Minnesota United exercised 2020 contract options on veteran midfielders Kevin Molino and Ethan Finlay, but declined to do so on fan favorite and longtime Loon Miguel Ibarra.

All three decisions were part of end-of-season roster maneuvers as the team prepares for MLS’ forthcoming free agency and re-entry drafts.

United technical director Mark Watson emphasized Ibarra could still return to the organization, which he first played for in its NASL days in 2012. He would first need to pass through Monday’s first re-entry draft. Then the team can reach agreement with him on a 2020 wage less than the $310,000 he made last season.

“This is a no to his option year for 2020,’’ Watson said. “But we’re still hopeful that working with his agent he could potentially come back.”

Ibarra, 29, is the longest-tenured Loon, leaving only since 2012 to play seven games for Club Leon in Mexico. Fans nicknamed him “Batman” to former United star Christian Ramirez’s “Superman” before Ramirez was traded in 2018.

Ibarra saw his playing time reduced last season after Molino and Finlay returned from yearlong knee injuries. The team later acquired Finland’s Robin Lod and Uruguayan teenager Thomas Chacon for the future.

“Obviously, Miguel has been a big part of this club,” Watson said. “And if it doesn’t work out and this is goodbye, we’ll thank him for a number of good years. He is somebody who has given his heart and soul to the club.”

United also picked up options on Marlon Hairston — a 25-year-old midfielder acquired from Houston in last week’s trade of Darwin Quintero — and young defender Wyatt Omsberg. It declined veteran defender Lawrence Olum’s option as well, and veteran goalkeeper Bobby Shuttleworth won’t return in 2020.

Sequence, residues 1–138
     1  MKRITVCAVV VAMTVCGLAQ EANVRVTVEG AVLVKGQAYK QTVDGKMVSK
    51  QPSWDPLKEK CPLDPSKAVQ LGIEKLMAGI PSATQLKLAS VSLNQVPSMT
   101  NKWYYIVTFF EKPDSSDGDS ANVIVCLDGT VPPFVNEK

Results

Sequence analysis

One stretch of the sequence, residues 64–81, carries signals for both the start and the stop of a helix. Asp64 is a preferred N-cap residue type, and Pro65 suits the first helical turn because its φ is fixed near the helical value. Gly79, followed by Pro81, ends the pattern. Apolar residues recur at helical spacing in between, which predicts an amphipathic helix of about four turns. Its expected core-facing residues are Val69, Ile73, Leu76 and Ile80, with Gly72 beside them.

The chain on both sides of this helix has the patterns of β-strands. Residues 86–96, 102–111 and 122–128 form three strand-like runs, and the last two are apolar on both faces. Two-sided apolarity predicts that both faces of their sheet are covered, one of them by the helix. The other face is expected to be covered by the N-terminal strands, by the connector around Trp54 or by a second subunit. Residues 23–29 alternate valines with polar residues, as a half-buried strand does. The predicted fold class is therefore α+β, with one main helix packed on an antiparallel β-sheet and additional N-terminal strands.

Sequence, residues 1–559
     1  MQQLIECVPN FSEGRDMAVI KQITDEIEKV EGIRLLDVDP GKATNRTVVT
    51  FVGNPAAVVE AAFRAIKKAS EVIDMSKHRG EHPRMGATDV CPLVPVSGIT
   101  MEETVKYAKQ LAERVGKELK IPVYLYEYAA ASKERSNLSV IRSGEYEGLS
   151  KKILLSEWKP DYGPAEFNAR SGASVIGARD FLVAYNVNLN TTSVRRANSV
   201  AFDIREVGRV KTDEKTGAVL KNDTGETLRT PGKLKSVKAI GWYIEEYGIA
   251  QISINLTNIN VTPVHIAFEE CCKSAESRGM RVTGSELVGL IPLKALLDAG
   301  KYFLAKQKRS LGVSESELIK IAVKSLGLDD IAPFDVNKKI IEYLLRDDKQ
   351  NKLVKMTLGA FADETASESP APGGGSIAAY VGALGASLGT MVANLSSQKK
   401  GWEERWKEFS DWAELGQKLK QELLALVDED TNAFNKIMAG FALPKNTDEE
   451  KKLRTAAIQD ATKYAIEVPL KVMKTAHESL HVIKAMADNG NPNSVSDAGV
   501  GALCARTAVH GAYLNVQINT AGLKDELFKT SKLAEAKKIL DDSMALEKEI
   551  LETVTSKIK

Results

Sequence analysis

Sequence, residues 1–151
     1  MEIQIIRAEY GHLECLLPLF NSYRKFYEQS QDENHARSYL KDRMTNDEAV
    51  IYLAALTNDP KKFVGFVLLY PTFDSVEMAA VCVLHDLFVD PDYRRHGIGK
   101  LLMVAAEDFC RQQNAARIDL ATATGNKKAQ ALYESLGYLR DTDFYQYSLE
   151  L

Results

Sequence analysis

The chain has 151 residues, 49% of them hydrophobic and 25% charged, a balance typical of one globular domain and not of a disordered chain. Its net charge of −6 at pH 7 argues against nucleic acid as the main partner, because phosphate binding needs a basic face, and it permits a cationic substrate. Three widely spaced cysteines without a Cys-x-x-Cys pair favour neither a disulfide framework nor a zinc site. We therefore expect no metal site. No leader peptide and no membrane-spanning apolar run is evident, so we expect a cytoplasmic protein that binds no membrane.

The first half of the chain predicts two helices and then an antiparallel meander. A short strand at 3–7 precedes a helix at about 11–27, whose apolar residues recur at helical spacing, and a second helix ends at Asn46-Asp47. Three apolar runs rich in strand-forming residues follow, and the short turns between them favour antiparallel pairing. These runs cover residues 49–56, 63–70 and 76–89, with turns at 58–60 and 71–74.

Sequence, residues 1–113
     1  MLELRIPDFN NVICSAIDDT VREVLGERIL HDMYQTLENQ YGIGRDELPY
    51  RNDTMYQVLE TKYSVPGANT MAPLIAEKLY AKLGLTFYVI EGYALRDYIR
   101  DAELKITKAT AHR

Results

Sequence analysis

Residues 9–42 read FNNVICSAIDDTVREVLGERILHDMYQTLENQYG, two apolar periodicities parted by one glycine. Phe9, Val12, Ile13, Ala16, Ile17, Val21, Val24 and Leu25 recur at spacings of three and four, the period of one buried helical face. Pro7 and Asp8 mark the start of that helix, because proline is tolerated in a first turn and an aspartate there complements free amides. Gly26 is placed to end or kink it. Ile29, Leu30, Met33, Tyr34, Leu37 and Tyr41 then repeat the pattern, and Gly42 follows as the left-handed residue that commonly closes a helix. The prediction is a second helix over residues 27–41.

The Loons chose to pick up options on Finlay, who made $400,000 last season, and Molino, who made $500,000. Watson calls the team overloaded with wide/attacking midfielders even after trading Quintero, one of their three designed players.

It’s all a dance of salary-cap numbers and player values, to both the United or another team, that United management is orchestrating.

“They’re difficult decisions,” Watson said. “Every player has a number attached to him and you’re trying to balance everything. There are cap numbers. There are option years. There are positions of need and areas we hope to improve. You take all those factors into consideration.”

United finds itself needing a star striker, with Angelo Rodriguez unlikely to return in 2020 and promising but injury-prone Abu Danladi gone to Nashville SC in Tuesday’s expansion draft. It’s also searching for another secondary striker now that Quintero is gone, even though United signed Chacon last summer for that role.

“We’re looking at all our options in the league and outside the league,” Watson said.